Impeachment: How Partisan?

With the new year underway, news of President Trump’s impeachment has been the most recent talk among politicians and people around the globe. As a recap, the U.S. House of Representatives voted to impeach President Trump due to his alleged foreign interference for his re-election bid in 2020. He then obstructed the investigation regarding that interference. Republicans were of course not pleased with the results and made the argument that Democrats had been looking to impeach the President since he first took office and merely used the Ukraine scandal as a way to achieve that goal. However, a recent comment by Senate Republican leader Mitch McConnell has sparked a new wave of controversy. He stated that the Democratic party has let it’s “partisan rage” create a “toxic precedent that will echo into the future.” Whether or not you agree with the extent to which McConnell goes in his words, there is no doubt that the impeachment process was motivated by partisanship. 


President Trump was impeached on two articles of impeachment: abuse of power and obstruction of Congress. Two Democrats voted against the abuse of power article and three voted against his obstruction of congress. Tulsi Gabbard, a Democratic presidential candidate for 2020, voted “present” on both articles of impeachment. She argued that the impeachment would only “further embolden him, strengthen his support, make it more likely that he will gain in that support […].” Her stance was strong and the majority of Gabbard’s supporters seem to be in agreement with her decision. In a sharp contrast, not a single House Republican voted for impeachment. There were numerous testimonials of officials and evidence collected during the impeachment trial supporting a claim that Trump abused his power for political gain. House Republicans rejected most of these testimonials and insisted that the Trump administration did not try to force the Ukrainian government to investigate their opponents but also kept suggesting that Ukraine in fact interfered in the 2016 election to hurt Trump’s chances of winning a presidential election. In the end, American’s views of President Trump and congress hasn’t changed due to the impeachment process and that was reflected in how the House has voted. Neither the president’s approval nor disapproval ratings have shown a sharp change after the impeachment.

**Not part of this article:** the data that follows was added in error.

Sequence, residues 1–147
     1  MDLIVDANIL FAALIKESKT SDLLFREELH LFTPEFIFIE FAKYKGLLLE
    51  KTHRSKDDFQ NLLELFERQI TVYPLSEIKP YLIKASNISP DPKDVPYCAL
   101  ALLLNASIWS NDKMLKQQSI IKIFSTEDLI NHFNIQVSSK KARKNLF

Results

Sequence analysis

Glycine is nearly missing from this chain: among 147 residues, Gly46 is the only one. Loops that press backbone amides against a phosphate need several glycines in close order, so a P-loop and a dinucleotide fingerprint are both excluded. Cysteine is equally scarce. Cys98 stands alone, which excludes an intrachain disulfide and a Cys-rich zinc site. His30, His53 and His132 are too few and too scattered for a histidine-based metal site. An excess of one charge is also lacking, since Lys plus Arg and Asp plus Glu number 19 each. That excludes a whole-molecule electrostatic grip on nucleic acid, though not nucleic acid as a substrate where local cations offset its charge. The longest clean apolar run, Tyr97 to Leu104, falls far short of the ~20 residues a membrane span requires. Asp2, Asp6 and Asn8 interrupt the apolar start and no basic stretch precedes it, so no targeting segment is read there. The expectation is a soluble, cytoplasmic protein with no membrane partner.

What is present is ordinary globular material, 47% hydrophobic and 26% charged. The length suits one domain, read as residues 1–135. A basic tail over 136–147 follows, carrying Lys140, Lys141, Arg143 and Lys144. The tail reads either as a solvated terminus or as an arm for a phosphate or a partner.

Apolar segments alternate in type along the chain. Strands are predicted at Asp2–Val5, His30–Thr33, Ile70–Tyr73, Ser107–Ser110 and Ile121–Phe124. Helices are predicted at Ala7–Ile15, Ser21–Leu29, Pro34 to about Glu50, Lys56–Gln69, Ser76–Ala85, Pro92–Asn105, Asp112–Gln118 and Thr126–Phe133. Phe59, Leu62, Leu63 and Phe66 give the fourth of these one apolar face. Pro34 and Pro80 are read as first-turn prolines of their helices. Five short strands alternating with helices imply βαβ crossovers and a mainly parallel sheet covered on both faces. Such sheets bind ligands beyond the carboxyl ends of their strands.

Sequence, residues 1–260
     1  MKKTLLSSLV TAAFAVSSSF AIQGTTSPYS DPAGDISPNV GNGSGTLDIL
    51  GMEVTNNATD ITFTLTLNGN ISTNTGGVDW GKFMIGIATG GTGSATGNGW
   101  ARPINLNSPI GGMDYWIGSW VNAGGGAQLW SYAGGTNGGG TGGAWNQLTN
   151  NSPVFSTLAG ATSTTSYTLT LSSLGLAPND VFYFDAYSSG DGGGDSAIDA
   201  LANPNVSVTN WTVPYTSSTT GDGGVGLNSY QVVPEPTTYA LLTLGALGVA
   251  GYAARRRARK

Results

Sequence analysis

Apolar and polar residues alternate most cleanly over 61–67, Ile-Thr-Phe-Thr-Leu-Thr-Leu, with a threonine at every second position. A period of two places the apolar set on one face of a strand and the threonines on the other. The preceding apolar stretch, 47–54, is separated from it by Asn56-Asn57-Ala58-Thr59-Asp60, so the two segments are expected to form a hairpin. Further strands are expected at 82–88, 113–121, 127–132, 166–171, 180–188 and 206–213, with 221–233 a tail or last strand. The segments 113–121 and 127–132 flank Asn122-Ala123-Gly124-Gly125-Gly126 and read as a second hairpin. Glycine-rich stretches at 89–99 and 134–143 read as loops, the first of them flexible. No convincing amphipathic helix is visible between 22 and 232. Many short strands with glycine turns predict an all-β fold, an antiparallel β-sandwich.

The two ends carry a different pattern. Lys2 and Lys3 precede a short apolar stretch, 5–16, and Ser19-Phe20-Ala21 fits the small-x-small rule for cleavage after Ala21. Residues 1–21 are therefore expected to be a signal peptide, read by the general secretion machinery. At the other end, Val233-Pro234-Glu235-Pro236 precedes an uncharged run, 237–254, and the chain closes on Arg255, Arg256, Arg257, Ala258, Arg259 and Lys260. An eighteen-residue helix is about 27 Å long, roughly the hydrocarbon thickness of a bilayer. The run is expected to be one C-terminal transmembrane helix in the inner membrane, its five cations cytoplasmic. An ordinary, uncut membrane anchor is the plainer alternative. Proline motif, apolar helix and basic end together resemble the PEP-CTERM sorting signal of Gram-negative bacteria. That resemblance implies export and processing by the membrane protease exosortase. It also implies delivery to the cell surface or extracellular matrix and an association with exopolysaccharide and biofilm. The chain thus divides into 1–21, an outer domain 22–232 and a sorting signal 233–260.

Republicans make up the majority in the Senate and have a 53 to 47 advantage. 67 votes will be required to pass the article of impeachment there and doesn’t look likely as of now. While there’s a possibility that there may be a few Republican senators who find the President’s actions inappropriate, it is more likely that none of the Republican Senators will find Trump’s actions impeachable. This vast difference in opinion among lawmakers in Washington goes to show how the country has clearly been divided over the impeachment trial and process. Whatever the outcome, we can all agree on the fact that it was and will be a solemn day for President Trump and the whole nation.


By Aarushi Vyas

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